Making Change: Saying No as a Teenage Parent

Saying No as a Teenage Parent

Parenting rates as one of the highest social concerns in Australia, according to the NAB Biggest Issues Facing Australians report, and rightly so. As parents, it’s not always easy to know which opinion around us to pay attention to when it comes to parenting. In the Bible we find that one of God’s first promises is for children: “children, honour your father and mother that it may go well with you and that you may live long.” (Ephesians 6:1-3) And who wouldn’t want that for their children? God reminds us that children are precious, and for that reason, it also tells us how to teach, train and discipline them, so they have a long and happy life!

Today, we ask our friend Teen Expert Michelle Mitchell, winner of the Queensland Inspiring Women Award, to help us with some practical strategies to help our children. Even if it’s hard to admit, teenagers use ways to successfully manipulate their parents into saying YES when they know they should say NO. But Michelle believes that once you know these secrets they are the most predictable of all of teenager’s secrets. Don’t give into a decision you may letter regret, and start using these tips today:

Manipulation Strategy 1. Why Don’t you Trust Me?
When a conversation starts with, “Don’t you trust me?” you are best assuming that something is up and investigate things further. Trust most often becomes the center of a conversation before trouble begins. The very first thing that many teenagers do when they want their own way is pressure their parents into feeling obligated to trust them. I don’t know how many times I have seen, “Why don’t you trust me?” sandwiched between two lies, one about where they will be going and then next about what they will be doing. I suggest you take trust off the table as a bargaining tool. I tell my own kids, “It’s my primary job to protect you, not to trust you.”

Manipulation Strategy 2. 
Presenting an Overly Detailed Story
Teenagers are experts at making up elaborate lies in order to divert attention away from what they are really up to. They have an ability to present a detailed, convincing story fit for an academy award. Always assume you know a portion of what is going on. Assume that teenagers will lie to get their own way once in a while. Always remember that if it doesn’t add up, then it probably isn’t true. Also remember that if you detect one small lie in a story the chances are there are bigger ones also involved.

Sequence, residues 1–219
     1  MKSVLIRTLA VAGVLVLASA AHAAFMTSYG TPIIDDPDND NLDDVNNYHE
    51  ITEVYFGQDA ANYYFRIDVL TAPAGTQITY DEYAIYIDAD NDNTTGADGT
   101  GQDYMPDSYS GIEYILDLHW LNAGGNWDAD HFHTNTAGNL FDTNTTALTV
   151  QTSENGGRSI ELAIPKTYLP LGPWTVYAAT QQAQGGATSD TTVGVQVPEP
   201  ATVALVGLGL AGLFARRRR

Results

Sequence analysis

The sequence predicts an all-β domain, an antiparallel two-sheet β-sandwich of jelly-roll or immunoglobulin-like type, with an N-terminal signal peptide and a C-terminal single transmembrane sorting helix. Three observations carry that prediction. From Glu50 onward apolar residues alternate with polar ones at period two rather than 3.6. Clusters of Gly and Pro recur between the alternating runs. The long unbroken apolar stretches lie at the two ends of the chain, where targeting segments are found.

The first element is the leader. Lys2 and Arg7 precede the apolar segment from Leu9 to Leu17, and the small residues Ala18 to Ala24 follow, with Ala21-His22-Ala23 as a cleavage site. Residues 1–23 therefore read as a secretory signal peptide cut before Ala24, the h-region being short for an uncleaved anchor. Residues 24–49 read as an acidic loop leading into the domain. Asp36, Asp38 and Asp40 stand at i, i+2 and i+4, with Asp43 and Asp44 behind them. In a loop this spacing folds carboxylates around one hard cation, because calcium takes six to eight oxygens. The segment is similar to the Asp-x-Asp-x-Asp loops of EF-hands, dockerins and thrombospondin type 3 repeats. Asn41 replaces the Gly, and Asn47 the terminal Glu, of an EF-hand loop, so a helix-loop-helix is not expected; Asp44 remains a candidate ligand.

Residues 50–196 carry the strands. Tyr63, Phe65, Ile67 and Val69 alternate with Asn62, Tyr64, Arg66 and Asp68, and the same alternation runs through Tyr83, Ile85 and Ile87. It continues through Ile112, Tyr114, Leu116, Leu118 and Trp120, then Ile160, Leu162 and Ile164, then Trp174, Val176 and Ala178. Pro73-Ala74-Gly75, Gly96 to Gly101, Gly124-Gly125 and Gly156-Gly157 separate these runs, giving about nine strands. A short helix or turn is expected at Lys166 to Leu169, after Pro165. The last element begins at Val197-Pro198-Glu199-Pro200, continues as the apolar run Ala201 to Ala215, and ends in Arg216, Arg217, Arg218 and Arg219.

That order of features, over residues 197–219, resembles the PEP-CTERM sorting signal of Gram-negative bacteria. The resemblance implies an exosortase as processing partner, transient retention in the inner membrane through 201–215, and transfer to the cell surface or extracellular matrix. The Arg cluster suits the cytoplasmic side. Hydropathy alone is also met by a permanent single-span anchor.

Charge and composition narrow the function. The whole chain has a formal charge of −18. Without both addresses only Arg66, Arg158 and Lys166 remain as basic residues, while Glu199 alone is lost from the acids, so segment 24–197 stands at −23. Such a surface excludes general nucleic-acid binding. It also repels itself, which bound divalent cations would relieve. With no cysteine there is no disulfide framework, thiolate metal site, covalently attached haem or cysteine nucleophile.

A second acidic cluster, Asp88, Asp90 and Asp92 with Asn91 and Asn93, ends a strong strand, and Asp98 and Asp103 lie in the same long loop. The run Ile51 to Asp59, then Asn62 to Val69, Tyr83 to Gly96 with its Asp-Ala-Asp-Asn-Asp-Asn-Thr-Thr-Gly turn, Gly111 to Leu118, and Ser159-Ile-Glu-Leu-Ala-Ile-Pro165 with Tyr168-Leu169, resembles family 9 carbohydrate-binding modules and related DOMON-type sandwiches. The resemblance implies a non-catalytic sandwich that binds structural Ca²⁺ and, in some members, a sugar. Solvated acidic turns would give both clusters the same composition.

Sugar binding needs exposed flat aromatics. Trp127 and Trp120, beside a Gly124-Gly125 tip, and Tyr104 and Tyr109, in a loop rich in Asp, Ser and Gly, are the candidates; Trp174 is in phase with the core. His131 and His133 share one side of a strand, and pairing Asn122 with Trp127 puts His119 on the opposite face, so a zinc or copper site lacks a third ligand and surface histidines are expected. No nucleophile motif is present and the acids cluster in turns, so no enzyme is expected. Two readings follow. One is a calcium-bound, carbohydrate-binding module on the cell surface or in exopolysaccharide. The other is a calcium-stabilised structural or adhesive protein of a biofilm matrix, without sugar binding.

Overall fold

Manipulation Strategy 3.
 Hiding Communication with Friends
Many years ago, before mobile phones, there was one phone in the middle of the lounge room. Parents could hear every conversation their teenager had with their friends. These days teenage communication is so private. It is easy for teenagers to organise themselves on the internet without their parents even knowing. The down side to technology is that it is much easier for teenagers to hide the truth from their parents.

Manipulation Strategy 4. Making Your Life Miserable
Yes this is a strategy. Teenagers create the “parent pressure cooker” scenario on purpose. They gang up on parents deliberately. When a teenager wants their own way, especially if they have a lot riding on it, they will pull out all stops to see it happen. They know that every human being has a limit and at some point you are likely to crack. They also know your weaknesses and how to use those to their advantage. A group may also be very good at ganging up against one parent who says ‘no’.

Quick Tips:

– Basic philosophy – Safety first, happiness second. They will thank you in the future.
– Realise teenagers can do things which are out of character when they are disappointed or frustrated.
– Look after yourself too. Don’t make their emotions your entire focus.
– Understand how difficult growing up is for them. Listen lots but don’t be sidetracked by empathy.
– Positive personal purpose, friendships and support networks make it easier for teenagers to make good choices for themselves.

by Michelle Mitchell

Michelle worked as a teacher before establishing Youth Excel in 2000, a charity which delivers life skills education and mentoring programs to state, private and alternative learning schools nationwide.With her work been featured on The Today Show, Today Tonight and Channel 10 Morning News, Michelle’s honest and hope-filled approach has seen her help countless teenagers transition successfully into adulthood.